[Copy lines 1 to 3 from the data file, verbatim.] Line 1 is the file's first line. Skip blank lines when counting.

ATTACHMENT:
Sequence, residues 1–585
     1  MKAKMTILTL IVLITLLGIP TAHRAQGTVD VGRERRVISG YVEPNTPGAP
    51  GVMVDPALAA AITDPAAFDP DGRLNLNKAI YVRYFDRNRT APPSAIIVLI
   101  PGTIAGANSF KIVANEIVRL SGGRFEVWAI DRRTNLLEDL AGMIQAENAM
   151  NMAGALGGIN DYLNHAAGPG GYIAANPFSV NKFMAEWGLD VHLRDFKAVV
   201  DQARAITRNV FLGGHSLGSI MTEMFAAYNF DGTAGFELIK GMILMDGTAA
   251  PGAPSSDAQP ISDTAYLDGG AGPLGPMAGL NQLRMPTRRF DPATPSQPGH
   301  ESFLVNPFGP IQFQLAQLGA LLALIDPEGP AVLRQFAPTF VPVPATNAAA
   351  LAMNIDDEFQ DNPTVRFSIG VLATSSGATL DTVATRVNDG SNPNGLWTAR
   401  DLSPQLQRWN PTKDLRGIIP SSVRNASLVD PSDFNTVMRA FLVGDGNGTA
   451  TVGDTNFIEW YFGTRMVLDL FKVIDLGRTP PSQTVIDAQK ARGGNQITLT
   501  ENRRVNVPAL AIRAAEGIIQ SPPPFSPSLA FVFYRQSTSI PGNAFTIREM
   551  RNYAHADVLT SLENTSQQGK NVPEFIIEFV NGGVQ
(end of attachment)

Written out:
Sequence, residues 1–585
     1  MKAKMTILTL IVLITLLGIP TAHRAQGTVD VGRERRVISG YVEPNTPGAP
    51  GVMVDPALAA AITDPAAFDP DGRLNLNKAI YVRYFDRNRT APPSAIIVLI